Angelina Peyton Eberly is credited with having saved Austin as the capital of Texas by preventing the state archives from being removed to another location. While her name may not be as familiar as others, her story is one worth knowing.
Angelina was born in 1798 in Tennessee to John and Margaret Hamilton Peyton. She married Jonathan C. Peyton, her first cousin, in 1818. The couple came to Texas around 1822 and they eventually settled in San Felipe de Austin around 1825 where together they operated an inn. Jonathan died in 1834, but Angelina continued to live in San Felipe de Austin until the town was destroyed and abandoned in the so-called Runaway Scrape, rather than to have it fall to the advancing Mexican Army during the Texas Revolution.
Angelina and her children had moved to Columbia where in 1836 she met and married a widower by the name of Jacob Eberly. In 1839, the couple moved to Austin where they operated the Eberly House, a hotel. Its location is thought to have been roughly where Congress and 6th Street is today. Jacob died in 1841 after which Angelina continued to run the inn on her own.
The Texas Archives were the official documents of Texas, and included all of the Republic’s land titles, treaties, military records of the revolutionary period, other documents and various historical artifacts. In late December of 1841, the re-elected President Sam Houston ordered their removal to Washington-on-the-Brazos. Though Austin was the capital of Texas, the Texas Congress had continued to meet in Harrisburg, recently renamed Houston City.
Sam Houston had been elected as the Republic’s first president, serving from 1836 to 1838. Presidents could not serve successive terms, and Mirabeau B. Lamar was elected as the second President, serving until mid December, 1841 when Houston began to serve a second term.
Earlier in the year, Sam Houston had lobbied to transfer the archives to Washington-on-the-Brazos and possibly eventually to Houston City, either one of which he deemed to be a safer location for them than Austin, which he thought was still vulnerable to hostile Indian and Mexican forces. Twice during the year, in March and then in September, San Antonio had fallen to Mexican forces, and Houston reasoned that there was little to stand in the way of an advance of hostile forces from San Antonio to Austin, in addition to the Indian threat. In response to Houston’s December order, Captain Thomas J. Smith and Eli Chandler of the Rangers led a small group of men in a plan to slip into Austin, seize and remove the archives. The men began to load the archives onto three wagons. This came to the attention of Eberly, who alerted others and turned the city’s six pound cannon onto the building, lighting and firing it. It had a two fold effect by damaging the building and also arousing nearby residents.
The riders and wagons took off, heading north and getting as far as Brushy Creek, near the current location of Round Rock, where they were overtaken and they surrendered the records. The documents and artifacts were returned to Austin, where they have remained ever since. The incident became known as the Archive War and Angelina Eberly’s exploits became a local legend.
In the years that followed, Eberly first ran a leased inn in Lavaca and then another in Indianola on Matagorda Bay from 1851 until her death in 1860. In 2004, some 162 years later, a statue of Angelina Eberly and a cannon was placed near 6th and Congress in Austin. The work was commissioned by Capital Area Statues, Inc., a nonprofit organization, and was designed by illustrator and cartoonist Pat Oliphant.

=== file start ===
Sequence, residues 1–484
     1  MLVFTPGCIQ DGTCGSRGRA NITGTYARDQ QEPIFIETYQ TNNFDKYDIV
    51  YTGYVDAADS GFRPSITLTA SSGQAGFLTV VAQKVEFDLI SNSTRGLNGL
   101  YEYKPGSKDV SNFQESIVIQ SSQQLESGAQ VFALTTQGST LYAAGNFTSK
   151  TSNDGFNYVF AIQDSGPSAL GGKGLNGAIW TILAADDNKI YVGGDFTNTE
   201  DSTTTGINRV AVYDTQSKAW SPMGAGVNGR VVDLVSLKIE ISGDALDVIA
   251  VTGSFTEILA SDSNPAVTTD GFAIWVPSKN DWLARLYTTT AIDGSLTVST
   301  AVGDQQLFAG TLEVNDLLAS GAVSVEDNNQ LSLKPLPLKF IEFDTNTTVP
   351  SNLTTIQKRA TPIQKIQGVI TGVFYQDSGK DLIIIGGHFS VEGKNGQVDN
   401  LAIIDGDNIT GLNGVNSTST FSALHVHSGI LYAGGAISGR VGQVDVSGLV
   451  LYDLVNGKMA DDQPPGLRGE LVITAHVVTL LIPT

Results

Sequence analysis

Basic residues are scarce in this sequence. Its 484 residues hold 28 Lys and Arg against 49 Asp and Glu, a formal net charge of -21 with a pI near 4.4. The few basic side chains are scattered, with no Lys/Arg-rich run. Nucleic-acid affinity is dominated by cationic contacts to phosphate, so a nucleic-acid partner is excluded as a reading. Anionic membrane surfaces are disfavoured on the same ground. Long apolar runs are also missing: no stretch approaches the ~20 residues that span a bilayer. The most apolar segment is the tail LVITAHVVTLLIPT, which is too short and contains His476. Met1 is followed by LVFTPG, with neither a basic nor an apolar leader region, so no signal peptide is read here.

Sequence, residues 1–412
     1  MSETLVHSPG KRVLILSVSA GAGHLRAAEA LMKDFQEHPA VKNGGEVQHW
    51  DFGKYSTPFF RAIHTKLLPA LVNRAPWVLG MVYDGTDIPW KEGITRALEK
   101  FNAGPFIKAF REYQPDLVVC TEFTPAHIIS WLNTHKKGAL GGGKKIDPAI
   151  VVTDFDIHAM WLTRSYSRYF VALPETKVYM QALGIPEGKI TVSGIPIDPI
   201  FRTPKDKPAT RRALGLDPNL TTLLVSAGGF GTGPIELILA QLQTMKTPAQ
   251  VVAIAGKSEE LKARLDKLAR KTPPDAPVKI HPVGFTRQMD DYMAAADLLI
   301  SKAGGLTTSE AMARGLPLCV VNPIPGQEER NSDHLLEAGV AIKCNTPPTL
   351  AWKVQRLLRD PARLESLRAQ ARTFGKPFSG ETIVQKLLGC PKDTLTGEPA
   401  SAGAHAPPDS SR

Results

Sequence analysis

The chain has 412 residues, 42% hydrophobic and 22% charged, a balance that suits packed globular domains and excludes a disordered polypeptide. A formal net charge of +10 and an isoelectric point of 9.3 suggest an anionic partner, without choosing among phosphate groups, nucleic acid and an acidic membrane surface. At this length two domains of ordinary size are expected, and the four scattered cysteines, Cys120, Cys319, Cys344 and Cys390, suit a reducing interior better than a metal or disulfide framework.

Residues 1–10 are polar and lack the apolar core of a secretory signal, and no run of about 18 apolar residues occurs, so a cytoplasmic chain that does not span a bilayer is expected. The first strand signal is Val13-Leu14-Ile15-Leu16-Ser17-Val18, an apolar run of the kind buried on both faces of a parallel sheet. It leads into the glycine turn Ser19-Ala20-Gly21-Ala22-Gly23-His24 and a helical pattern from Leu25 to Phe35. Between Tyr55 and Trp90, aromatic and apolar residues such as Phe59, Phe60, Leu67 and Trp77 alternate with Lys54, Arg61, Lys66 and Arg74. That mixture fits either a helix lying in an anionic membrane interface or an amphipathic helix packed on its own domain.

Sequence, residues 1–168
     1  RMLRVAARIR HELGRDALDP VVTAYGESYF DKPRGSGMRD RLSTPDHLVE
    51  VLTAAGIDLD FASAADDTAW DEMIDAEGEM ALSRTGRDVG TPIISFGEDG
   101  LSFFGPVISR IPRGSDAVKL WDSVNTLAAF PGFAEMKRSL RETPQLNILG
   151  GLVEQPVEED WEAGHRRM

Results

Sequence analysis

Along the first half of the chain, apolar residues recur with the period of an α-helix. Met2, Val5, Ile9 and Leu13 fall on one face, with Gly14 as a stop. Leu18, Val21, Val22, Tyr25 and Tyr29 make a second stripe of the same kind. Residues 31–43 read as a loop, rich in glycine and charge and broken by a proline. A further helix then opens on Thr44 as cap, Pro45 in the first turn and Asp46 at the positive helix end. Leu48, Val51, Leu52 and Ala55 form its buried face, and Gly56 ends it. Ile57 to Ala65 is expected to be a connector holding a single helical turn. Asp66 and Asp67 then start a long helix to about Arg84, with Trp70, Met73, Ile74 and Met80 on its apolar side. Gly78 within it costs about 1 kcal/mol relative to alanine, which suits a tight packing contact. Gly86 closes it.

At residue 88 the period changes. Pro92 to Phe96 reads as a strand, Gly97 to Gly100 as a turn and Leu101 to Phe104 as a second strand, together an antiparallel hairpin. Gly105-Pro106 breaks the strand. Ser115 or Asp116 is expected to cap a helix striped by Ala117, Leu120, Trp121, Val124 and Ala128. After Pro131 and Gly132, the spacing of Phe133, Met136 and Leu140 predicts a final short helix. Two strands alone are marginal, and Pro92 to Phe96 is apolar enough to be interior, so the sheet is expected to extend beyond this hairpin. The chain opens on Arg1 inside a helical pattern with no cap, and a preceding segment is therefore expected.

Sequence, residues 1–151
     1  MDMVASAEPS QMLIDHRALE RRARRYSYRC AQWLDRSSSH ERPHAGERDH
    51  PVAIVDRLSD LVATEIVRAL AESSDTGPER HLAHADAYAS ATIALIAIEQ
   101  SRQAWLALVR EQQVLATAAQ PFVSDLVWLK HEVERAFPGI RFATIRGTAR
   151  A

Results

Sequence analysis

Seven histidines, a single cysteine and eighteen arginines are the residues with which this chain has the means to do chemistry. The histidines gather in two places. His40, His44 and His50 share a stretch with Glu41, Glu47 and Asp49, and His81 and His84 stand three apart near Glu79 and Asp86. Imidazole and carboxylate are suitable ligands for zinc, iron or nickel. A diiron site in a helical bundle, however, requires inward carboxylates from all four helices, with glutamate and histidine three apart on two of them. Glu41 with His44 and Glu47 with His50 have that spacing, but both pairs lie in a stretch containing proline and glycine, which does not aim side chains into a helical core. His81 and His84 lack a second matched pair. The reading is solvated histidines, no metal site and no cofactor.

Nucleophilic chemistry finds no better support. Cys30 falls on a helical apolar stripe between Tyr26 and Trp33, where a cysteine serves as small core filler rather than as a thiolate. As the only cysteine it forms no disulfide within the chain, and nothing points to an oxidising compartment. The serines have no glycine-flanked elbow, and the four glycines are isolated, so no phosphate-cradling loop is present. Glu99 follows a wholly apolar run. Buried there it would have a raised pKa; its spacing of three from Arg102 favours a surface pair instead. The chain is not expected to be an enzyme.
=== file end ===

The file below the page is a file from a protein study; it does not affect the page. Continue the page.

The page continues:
Eberly was interred at Old Town Cemetery in Indianola, but the cemetery and most of the town was washed away in a hurricane and flood in 1875. A second hurricane battered what little remained of the town in 1886, and Indianola was abandoned. Many years later, a Texas Historical Marker was placed near the location of the old cemetery.
(Image credit: indianolatx.com)
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4 thoughts on “Angelina Eberly”
Nice summary. Bullock’s Hotel was at 6th and Congress; the Eberly Inn was a bit to the west on 6th St. There is some evidence that she may have been managing Bullock’s Hotel at the time of the Archive War, which would have given her a greater chance and better sightlines for noticing Houston’s men taking the records on that miserably cold December morning.
Also, Angelina was a close friend of many important figures in early Texas, including Stephen F. Austin and Bill Travis, who played with Angelina’s children when they were young. She was not at all an earthy peasant, but a daughter of a prominent Tennessee family who had been brought up in some comfort. There were certain tensions between her family and friends and Sam Houston, stemming in part from his disastrous marriage to Angelina’s friend Eliza Allen and his order (which he later denied) to burn Angelina’s inn at San Felipe de Austin during the Texas Revolution.
Those interested in this may wish to look at the online Texas Supreme Court Historical Society journal (under Publications) for Summer 2015, about p. 34. There are several graphics including a map showing the hotels.
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These are great comments and are much appreciated. The relationships between Angelina and other individuals in the story help me to understand why she sided against Houston in the issue. Thank you for the additional references as well.
In what building were they housed in Austin when they were initially taken?
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I don’t know. I will see what I can find, but in the meantime, maybe someone who reads this blog can help.
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